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HPS's Eric Goldin: On health physics
Eric Goldin, president of the Health Physics Society, is a radiation safety specialist with 40 years of experience in power reactor health physics, supporting worker and public radiation safety programs. A certified health physicist since 1984, he has served on the American Board of Health Physics, and since 2004, he has been a member of the National Council on Radiation Protection and Measurements’ Program Area Committee 2, which provides guidance for radiation safety in occupational settings for a variety of industries and activities. He was awarded HPS Fellow status in 2012 and was elected to the NCRP in 2014.
Goldin’s radiological engineering experience includes ALARA programs, instrumentation, radioactive waste management, emergency planning, dosimetry, decommissioning, licensing, effluents, and environmental monitoring.
The HPS, headquartered in Herndon, Va., is the largest radiation safety society in the world. Its membership includes scientists, safety professionals, physicists, engineers, attorneys, and other professionals from academia, industry, medical institutions, state and federal government, the national laboratories, the military, and other organizations.
The HPS’s activities include encouraging research in radiation science, developing standards, and disseminating radiation safety information. Its members are involved in understanding, evaluating, and controlling the potential risks from radiation relative to the benefits.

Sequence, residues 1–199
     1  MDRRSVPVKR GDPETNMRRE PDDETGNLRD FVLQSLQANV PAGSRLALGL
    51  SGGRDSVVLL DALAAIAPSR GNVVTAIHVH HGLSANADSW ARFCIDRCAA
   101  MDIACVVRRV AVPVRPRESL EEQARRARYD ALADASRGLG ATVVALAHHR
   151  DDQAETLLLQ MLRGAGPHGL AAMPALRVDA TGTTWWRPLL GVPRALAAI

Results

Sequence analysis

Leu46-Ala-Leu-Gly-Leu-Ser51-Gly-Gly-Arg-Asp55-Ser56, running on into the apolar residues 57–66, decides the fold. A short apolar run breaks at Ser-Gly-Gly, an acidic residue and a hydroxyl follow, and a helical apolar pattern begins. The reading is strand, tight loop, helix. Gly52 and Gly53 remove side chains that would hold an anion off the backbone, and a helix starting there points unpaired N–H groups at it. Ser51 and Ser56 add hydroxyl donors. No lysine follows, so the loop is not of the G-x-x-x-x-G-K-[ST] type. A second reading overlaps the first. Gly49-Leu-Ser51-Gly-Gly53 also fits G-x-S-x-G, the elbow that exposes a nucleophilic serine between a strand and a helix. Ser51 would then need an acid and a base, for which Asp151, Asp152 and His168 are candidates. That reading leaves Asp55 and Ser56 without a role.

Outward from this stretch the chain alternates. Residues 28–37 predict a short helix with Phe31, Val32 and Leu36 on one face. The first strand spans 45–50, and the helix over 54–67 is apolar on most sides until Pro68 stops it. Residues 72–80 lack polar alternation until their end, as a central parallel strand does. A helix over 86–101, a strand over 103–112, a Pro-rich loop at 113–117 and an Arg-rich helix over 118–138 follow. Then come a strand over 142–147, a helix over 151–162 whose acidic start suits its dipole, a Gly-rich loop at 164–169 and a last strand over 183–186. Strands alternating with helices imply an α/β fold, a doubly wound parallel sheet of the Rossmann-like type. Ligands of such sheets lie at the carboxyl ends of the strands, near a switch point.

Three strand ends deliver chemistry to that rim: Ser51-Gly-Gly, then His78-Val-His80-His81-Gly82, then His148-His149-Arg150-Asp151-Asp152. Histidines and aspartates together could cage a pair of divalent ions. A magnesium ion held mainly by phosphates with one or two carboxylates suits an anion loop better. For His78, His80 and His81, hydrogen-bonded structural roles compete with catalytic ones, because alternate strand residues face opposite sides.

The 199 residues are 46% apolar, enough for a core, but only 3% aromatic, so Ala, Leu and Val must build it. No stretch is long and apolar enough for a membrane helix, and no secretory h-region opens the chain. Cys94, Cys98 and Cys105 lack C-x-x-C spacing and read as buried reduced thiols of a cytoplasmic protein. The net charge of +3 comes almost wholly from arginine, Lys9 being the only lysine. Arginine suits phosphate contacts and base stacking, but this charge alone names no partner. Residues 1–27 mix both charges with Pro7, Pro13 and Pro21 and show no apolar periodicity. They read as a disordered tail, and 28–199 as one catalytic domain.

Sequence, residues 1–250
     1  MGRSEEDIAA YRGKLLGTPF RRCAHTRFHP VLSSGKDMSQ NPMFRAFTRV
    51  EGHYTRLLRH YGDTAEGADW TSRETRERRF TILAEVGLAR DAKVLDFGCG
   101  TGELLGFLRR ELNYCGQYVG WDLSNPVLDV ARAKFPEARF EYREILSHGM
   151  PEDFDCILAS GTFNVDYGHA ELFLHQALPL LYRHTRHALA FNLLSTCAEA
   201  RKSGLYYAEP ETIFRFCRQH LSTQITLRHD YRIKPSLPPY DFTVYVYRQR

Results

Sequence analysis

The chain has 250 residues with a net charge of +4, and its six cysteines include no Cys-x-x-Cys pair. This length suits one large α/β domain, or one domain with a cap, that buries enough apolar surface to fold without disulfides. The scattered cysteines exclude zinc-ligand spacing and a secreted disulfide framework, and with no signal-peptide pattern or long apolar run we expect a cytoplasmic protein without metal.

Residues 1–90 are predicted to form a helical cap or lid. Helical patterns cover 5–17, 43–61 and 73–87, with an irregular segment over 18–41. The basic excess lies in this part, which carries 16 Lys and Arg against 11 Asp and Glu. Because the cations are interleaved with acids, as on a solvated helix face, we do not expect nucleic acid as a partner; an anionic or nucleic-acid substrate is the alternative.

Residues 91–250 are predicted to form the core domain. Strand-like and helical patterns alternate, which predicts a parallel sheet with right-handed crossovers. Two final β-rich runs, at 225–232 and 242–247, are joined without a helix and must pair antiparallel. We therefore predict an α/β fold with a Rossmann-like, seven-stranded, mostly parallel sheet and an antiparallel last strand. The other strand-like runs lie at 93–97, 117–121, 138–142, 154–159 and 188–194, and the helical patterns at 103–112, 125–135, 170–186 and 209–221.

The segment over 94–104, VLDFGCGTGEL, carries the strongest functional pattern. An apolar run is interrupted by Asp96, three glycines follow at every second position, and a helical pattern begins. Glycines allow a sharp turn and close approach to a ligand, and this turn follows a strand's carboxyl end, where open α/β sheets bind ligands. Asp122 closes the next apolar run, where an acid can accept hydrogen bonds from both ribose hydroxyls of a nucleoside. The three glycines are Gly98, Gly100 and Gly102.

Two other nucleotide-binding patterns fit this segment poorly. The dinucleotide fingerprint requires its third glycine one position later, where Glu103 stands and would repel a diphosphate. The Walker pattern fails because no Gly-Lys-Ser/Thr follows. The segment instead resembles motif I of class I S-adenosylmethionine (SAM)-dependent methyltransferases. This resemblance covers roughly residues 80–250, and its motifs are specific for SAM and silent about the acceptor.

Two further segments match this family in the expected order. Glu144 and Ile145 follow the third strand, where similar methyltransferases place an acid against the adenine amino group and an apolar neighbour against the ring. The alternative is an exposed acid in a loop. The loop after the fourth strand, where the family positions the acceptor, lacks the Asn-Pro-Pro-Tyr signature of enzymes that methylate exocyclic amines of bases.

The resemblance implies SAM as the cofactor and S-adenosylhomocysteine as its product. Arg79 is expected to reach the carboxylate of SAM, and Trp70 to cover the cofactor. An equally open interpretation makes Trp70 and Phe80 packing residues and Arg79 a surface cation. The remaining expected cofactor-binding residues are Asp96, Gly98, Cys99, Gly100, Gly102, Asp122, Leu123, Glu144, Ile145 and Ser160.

Goldin talked about the HPS and health physics activities with Rick Michal, editor-in-chief of Nuclear News.
Indrajeet Singh, S. B. Degweker, Anurag Gupta
Nuclear Science and Engineering | Volume 189 | Number 3 | March 2018 | Pages 243-258
Technical Paper | dx.doi.org/10.1080/00295639.2017.1402568
Articles are hosted by Taylor and Francis Online.
The fuel in high-temperature reactors (HTRs) consists of a large number of tiny (a few hundred microns in size) TRISO-coated particles dispersed randomly in a graphite matrix. At the resonances of the major nuclide (238U or 232Th) of the fuel, the neutron mean free path in the fuel is often comparable to the kernel dimensions, and hence the dispersion of particles in the graphite matrix must be treated as a heterogeneous medium for obtaining self-shielded cross sections in the resonance (epithermal) groups. HTRs containing only plutonium as fuel (as may be the case in reactors designed for burning plutonium) have high concentrations of the isotopes 239Pu and 240Pu in the kernels. This fact together with their rather large resonance cross section in the thermal groups results in a very short neutron mean free path in the fuel that is comparable to the kernel dimensions. In such cases the fuel zone must be treated as a heterogeneous medium in the thermal energy region as well. However, the resonance treatment method in libraries such as the WIMS library does not cover the two large resonances of plutonium lying in the thermal region. Instead, a large number of groups are used to cover the details of cross-section variation in this region.
The heterogeneity of the fuel region together with the heterogeneous distribution of fuel region, graphite moderator, and coolant is referred to as the double heterogeneity of HTRs. The paper describes work we carried out for addressing these problems. A new method for generating a random distribution of TRISO particles in the fuel zone of a pebble or fuel compact and Monte Carlo calculation of the Dancoff factor in the heterogeneous random medium, required for calculating the self-shielded resonance group cross sections, is presented. Dancoff factors obtained by our method are compared with values available in published literature on the subject. The paper also discusses a new methodology developed to solve the double-heterogeneity problem at the stage of the multigroup transport theory solution, which is particularly important in the thermal region occurring in high-content Pu-fueled HTRs. These features have been incorporated in the WIMS library–based lattice code BOXER3. An option for handling the spherical geometry of the lattice cell of a pebble bed reactor has been added in the code. Results of analysis of a number of HTR lattice cell benchmark problems are presented.